Publication date: 
On Wednesday March 23, 2022, the Faculty of Nuclear Sciences and Physical Engineering of the CTU in Prague (FNSPE) announced that it has received a permit from the State Office for Nuclear Safety (SÚJB) for the construction of the VR-2 nuclear reactor. It will be located in the same reactor hall where the faculty has been operating the VR-1 Vrabec reactor since 1990. The number of operating nuclear reactors in the Czech Republic will thus round up to ten in the future (not counting the Golem fusion reactor). In addition to the VR-1 and VR-2 reactors, there are also two research reactors of the Research Centre in Řež and six nuclear reactors operated by ČEZ in two nuclear power plants.

"Our nuclear reactors are among the absolutely unique school facilities, thanks to which we can train experts for the field of nuclear research. It also helps us attract the interest of international students. We are one of the few universities in the world that operates both the fission nuclear reactor VR-1 Vrabec and the fusion nuclear reactor – the Golem tokamak. And now we are approaching the moment when we will have two fission reactors," says Assoc. Vojtěch Petráček, Rector of the CTU in Prague and adds: "The Czech Republic has always been one of the leading countries in the field of nuclear education and research, as evidenced by the existence of a faculty that focuses on nuclear and related sciences and operates reactors."

"We have been preparing the construction of the school's second fission reactor since 2014. With the construction permit, we are now entering the final phase and we believe that if all goes well, we will be able to start commissioning the new reactor at the end of this year," specifies Assoc. Václav Čuba, dean of FNSPE.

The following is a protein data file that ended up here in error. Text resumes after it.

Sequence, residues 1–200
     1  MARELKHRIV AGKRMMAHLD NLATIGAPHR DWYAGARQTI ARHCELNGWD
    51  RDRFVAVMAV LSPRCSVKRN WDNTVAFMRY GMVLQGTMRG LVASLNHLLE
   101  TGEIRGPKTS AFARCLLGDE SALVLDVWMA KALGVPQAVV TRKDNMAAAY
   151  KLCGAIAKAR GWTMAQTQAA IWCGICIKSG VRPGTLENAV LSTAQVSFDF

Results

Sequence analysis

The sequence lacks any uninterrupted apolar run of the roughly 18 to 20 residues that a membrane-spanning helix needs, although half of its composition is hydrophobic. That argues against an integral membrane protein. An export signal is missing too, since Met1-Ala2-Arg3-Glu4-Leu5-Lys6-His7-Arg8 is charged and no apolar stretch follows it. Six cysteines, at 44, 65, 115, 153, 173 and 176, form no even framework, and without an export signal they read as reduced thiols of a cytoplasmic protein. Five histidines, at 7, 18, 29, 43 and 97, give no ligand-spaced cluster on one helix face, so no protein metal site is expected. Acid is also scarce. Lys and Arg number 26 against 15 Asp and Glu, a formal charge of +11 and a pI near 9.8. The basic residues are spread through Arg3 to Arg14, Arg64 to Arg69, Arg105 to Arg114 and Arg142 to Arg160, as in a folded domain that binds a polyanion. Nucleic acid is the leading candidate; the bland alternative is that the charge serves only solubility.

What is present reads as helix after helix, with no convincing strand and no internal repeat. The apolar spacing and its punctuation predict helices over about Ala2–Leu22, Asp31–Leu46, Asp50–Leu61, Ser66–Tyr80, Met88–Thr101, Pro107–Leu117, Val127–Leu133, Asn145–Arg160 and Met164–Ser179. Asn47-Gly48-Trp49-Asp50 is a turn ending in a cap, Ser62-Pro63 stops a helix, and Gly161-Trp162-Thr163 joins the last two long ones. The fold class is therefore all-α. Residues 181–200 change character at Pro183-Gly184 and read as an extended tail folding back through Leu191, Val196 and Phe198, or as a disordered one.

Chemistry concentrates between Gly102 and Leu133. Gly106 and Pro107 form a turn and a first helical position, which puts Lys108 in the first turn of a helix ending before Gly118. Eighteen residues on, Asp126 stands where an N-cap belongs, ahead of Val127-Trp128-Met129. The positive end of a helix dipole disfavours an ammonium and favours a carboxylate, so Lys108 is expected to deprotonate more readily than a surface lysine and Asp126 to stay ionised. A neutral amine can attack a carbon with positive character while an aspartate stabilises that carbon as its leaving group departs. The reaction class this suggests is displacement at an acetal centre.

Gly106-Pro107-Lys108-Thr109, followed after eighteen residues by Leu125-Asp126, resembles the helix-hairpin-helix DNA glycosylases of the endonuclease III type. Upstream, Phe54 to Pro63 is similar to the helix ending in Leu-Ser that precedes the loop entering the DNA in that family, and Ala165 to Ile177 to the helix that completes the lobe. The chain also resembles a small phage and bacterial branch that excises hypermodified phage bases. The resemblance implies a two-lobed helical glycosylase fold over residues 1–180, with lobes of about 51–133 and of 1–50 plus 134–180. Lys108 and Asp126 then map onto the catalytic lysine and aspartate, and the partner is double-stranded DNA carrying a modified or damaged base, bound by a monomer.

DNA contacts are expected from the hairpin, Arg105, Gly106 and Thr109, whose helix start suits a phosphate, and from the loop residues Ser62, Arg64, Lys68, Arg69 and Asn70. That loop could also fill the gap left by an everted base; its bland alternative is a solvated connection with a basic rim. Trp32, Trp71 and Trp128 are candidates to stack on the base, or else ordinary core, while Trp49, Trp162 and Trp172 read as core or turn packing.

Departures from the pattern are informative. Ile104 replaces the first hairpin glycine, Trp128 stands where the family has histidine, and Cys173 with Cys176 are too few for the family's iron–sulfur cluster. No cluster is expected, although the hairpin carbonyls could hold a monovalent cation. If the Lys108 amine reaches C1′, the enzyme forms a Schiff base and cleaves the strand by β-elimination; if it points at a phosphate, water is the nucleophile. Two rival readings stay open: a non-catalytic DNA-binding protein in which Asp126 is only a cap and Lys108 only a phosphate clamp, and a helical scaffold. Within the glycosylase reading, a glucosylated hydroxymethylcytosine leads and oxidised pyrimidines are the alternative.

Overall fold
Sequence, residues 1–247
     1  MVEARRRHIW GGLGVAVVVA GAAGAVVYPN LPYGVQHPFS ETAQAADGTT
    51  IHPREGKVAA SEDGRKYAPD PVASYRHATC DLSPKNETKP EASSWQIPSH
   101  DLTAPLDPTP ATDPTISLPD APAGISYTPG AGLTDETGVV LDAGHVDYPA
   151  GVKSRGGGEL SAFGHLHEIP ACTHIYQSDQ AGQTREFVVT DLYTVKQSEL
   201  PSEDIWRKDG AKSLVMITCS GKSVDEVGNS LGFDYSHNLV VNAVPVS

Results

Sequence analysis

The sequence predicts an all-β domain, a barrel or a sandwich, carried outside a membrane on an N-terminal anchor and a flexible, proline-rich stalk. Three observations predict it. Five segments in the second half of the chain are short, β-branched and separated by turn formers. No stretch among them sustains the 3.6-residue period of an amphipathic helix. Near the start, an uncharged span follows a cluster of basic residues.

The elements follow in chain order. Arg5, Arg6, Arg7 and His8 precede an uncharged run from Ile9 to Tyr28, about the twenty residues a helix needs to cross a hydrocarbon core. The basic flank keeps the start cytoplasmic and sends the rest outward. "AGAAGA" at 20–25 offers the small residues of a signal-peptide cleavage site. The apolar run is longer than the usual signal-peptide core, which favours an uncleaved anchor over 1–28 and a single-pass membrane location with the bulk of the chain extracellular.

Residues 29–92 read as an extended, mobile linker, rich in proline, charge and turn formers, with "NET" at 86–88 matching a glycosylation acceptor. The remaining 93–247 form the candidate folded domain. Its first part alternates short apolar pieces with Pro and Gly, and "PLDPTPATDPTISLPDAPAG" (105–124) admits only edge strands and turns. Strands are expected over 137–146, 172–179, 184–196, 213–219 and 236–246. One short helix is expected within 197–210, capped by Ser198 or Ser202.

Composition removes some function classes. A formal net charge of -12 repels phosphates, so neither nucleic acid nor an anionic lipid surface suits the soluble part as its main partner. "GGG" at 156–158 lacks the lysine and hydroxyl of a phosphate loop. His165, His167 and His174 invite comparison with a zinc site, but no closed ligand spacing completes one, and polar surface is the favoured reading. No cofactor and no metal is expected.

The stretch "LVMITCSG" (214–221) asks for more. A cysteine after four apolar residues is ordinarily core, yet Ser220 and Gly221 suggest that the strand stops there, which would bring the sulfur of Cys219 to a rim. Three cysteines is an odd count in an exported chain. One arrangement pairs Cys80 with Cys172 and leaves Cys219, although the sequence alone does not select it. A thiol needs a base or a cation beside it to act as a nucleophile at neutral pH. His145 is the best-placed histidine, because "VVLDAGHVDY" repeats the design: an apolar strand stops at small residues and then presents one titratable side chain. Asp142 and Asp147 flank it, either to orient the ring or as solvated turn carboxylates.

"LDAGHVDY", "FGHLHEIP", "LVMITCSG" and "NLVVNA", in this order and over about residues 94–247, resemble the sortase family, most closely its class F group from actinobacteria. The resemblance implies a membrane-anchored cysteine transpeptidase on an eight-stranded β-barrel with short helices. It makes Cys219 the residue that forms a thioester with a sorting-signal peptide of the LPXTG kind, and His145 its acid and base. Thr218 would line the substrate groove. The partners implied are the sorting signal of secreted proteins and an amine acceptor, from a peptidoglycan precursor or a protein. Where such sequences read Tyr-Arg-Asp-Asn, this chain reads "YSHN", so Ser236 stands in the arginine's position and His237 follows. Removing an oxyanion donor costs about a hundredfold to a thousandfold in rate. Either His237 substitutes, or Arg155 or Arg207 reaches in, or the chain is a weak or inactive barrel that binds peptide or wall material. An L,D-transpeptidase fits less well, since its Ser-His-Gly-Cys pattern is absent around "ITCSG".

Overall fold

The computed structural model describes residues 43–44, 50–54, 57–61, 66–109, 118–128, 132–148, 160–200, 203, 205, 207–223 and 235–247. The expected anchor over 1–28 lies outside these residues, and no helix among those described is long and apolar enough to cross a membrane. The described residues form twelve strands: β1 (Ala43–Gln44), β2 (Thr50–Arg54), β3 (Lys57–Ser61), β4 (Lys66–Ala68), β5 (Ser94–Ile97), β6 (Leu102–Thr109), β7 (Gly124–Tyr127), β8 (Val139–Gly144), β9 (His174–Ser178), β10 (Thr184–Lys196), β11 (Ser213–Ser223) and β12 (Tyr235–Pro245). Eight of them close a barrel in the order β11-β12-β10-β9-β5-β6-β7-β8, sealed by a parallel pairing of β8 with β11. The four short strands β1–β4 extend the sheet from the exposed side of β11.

"This project shows the ability of the faculty and the Department of Nuclear Reactors not only to design the nuclear facility, but also to manage the entire project of its preparation and construction and commissioning. This sets us apart from other faculties in the Czech Republic," explains Jan Rataj, Head of the Department of Nuclear Reactors at FNSPE. The preparation of a nuclear facility project requires knowledge from a number of different disciplines. Some of them are assisted by departments of other faculties of CTU. Cooperation with the Department of Concrete and Masonry Structures from the Faculty of Civil Engineering and Assoc. Lukáš Vráblík enabled the determination of requirements for concrete structures and their technical design. The knowledge of Prof. Pavel Kuklík and Jan Kos from the Department of Mechanics and the Department of Geotechnics of the Faculty of Civil Engineering was used in the investigation of the subsoil and subsequent analysis).

The new VR-2 reactor can be classified as a subcritical reactor, which means that there is not enough fuel to sustain a fission chain reaction. Thus, operation can only be achieved with an external neutron source. Once the source is switched off, fission stops. This allows for simpler reactor design and construction. "The new reactor is relatively small, so we can place it in the same reactor hall where we already have the school's VR-1 Sparrow reactor. We are thus using the existing infrastructure, not only the technical infrastructure, but also the downstream laboratories, classrooms and, of course, security and administrative support," adds Jan Rataj.

The steel reactor vessel in which the fission reaction will take place was manufactured by the Witkowitz Group for FNSPE. "We are very pleased to be involved in such innovative and unique products, in this case, moreover, for top-quality professional workplaces. This confirms our position as an experienced and established manufacturer of components for nuclear facilities," says Milan Mercl, Director of Vítkovice Energy Engineering of the Witkowitz Group. The faculty has had fuel for the new reactor ready in the reactor hall for four years. It arrived in Prague Troja on 7 June 2018 from Aalto University in Finland.